Some of the news footage contained in the documentary is gut wrenching but there's no disputing the powerful emotions that it will conjure up. Sensitive viewers might have a problem with it but unfortunately, this is the reality of the situation over there – or at least one take on it. We do witness Iraqi citizens obviously upset about the Americans dropping bombs on them and questioning the justification of the war, but I think if any of us were in their shoes we'd be doing the same thing. What the film really demonstrates is the differences in reporting tactics and in what is or isn't reported between 'their' news channel and 'our' news channels. It makes for very interesting viewing material and ultimately (and thankfully) doesn't beat the viewer over the head with the filmmakers' personal political beliefs as many documentaries as of late have been guilty of. The Control Room does an excellent job of merely presenting the facts in a pretty balanced format and letting the viewer decide for themselves how they feel about Al Jazeera and what they do.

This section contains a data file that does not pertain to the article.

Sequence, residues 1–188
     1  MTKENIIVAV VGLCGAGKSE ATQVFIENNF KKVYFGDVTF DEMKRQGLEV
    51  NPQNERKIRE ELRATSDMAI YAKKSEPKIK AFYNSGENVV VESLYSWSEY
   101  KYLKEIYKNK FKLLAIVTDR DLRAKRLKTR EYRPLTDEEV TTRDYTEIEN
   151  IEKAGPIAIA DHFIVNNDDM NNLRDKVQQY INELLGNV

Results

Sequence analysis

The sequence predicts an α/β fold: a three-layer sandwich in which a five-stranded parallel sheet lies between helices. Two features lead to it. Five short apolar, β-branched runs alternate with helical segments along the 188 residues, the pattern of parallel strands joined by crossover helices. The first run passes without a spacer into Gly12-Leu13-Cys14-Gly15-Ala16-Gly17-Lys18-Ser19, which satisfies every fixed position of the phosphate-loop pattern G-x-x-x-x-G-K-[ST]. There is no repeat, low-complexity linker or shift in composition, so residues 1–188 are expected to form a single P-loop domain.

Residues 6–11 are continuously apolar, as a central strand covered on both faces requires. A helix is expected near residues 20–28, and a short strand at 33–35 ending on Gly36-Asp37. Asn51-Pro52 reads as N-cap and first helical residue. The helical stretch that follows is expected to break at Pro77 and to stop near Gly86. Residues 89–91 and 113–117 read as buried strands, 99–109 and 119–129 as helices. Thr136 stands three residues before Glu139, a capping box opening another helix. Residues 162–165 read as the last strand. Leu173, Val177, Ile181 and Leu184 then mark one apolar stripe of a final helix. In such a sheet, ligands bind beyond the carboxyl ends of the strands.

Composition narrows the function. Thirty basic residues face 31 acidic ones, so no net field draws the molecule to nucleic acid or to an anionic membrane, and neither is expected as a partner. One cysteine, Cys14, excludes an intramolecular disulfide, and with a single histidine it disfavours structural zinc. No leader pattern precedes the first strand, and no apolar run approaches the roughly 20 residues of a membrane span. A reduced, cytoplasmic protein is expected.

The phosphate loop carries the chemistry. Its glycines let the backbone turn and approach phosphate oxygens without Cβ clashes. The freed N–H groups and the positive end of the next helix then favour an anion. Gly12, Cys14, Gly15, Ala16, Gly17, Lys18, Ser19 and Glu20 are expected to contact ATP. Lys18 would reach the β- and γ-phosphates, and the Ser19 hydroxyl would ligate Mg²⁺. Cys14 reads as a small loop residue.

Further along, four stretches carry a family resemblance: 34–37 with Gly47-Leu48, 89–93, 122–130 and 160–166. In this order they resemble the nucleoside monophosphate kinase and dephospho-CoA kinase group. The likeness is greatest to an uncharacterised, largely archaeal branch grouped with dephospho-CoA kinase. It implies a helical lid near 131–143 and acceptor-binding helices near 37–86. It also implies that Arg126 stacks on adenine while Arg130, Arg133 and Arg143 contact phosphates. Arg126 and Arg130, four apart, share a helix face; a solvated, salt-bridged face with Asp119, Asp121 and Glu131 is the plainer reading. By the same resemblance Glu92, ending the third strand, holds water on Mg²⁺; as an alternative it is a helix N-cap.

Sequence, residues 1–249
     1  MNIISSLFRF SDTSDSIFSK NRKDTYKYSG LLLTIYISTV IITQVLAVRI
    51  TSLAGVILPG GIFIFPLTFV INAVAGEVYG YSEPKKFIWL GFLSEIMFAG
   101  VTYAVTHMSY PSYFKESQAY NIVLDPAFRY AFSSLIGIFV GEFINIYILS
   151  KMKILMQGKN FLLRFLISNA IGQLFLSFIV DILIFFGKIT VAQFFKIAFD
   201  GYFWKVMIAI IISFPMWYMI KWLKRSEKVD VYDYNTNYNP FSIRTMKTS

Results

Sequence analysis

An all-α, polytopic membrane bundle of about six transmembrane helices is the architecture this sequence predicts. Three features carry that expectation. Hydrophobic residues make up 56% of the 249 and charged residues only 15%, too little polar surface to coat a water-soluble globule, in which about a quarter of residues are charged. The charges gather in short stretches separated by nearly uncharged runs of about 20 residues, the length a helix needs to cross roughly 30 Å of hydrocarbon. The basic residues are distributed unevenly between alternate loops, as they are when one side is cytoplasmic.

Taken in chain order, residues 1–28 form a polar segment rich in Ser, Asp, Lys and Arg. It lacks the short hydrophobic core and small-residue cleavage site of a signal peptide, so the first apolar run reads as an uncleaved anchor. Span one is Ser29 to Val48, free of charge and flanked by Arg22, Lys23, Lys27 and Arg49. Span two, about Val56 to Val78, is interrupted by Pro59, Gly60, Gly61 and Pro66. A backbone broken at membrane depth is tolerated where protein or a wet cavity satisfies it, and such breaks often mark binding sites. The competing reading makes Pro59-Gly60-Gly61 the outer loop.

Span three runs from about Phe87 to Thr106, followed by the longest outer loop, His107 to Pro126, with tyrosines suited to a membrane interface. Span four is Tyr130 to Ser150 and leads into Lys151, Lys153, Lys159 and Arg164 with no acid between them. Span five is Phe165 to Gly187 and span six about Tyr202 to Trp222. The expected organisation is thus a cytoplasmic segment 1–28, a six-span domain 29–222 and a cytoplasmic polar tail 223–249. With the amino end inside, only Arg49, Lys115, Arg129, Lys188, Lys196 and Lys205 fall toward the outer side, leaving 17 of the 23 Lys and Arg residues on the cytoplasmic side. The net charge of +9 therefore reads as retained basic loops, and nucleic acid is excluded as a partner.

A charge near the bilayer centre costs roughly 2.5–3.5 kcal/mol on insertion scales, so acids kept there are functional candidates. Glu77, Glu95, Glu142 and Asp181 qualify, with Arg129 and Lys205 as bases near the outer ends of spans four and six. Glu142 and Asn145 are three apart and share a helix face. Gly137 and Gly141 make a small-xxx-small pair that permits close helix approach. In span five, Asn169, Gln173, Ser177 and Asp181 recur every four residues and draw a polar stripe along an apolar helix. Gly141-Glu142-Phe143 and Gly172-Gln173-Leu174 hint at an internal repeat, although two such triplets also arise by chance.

The Control Room is presented in a 1.85.1 widescreen transfer. Seeing as the movie was shot on video there is some degradation in quality in certain scenes but for the most part this transfer looks quite sharp. Even some of the archival footage is in nice shape. There is some mild edge enhancement and video noise noticeable throughout but the image remains pretty crisp and certainly looks better than most shot on video productions.
The Dolby Digital 2.0 Soundtrack contains both English and Arabic, though the vast majority of it is in English and there are optional English subtitles supplied as well. Sadly, the audio is the weakest part of this package. Because a lot of this material was shot under conditions that are obviously less than ideal, a few scenes aren't recorded quite as strongly as you might hope and because of this, a few parts here and there are a tad muffled. This isn't a huge problem as it only happens occasionally but it does happen none-the-less. Aside from that, audio quality is average. Most of the dialogue is pretty clean and there aren't any problems with hiss or distortion at all. It's just too bad about those few scenes that are a wee bit too quiet. There are also subtitles available in French, Spanish and Arabic as well as English and Arabic closed captioning.